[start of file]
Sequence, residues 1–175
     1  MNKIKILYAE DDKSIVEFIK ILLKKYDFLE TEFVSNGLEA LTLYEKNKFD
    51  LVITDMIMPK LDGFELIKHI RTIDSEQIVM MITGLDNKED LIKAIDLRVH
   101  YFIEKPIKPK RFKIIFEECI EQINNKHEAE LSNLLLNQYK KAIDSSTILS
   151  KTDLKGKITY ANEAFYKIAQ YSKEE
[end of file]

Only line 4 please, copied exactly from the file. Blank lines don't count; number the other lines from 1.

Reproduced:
   101  YFIEKPIKPK RFKIIFEECI EQINNKHEAE LSNLLLNQYK KAIDSSTILS